In the movie Cake, which received a limited release last month and its nationwide release today, Jennifer Aniston portrays a woman dealing with daily chronic pain. Although reviews have been mixed, those with chronic pain are excited to see a mainstream movie give attention to what life can be like for them.
Trying to make chronic pain visible
Coping with chronic pain is already a tremendous challenge in and of itself. But on top of personal physical and emotional challenges, many with chronic pain also struggle with the fact that others can't see their burden externally and therefore don't understand it. Even friends and loved ones with good intentions can be baffled by the struggle of living with chronic pain.
In interviews, Aniston has said she prepared for the role by interviewing people who experience chronic pain to find out what their lives are like on a daily basis. She made an effort to portray—both physically and emotionally—the non-stop battle that people with chronic pain fight.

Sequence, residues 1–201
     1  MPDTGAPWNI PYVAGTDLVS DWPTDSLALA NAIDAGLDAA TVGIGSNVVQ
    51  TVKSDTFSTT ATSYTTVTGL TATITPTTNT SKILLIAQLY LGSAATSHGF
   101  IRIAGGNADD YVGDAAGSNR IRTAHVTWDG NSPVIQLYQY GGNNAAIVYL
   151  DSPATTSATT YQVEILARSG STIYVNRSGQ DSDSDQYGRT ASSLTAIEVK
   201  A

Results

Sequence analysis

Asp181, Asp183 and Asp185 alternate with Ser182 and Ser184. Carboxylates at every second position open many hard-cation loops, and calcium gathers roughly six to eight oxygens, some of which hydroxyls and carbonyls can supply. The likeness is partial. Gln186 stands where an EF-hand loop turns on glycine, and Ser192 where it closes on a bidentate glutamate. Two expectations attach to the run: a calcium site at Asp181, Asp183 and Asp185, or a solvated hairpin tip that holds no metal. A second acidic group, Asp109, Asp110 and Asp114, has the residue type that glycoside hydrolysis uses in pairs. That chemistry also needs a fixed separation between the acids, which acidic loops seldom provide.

A few downsides
However, there are a few aspects of the movie that may give people with chronic pain pause. For example, the movie shows Aniston's character as being addicted to painkillers, obtaining them illegally, and mixing medications with alcohol. Although painkiller addiction is a serious issue, many people with chronic pain manage their use of opioid medications responsibly and without addictive behaviors.
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In fact, Aniston's characters exhibits several behaviors that could be considered a "what not to do" guide to coping with chronic pain: getting mired in negativity, alienating her support group and physical therapist, and fixating on suicidal thoughts, to name a few. These may make her character more realistic or more dramatic, but not necessarily a role model.
Still, the overall impression of Cake in the chronic pain community is a positive one as people with chronic pain appreciate any telling of their story that will help others understand what they go through on a daily basis.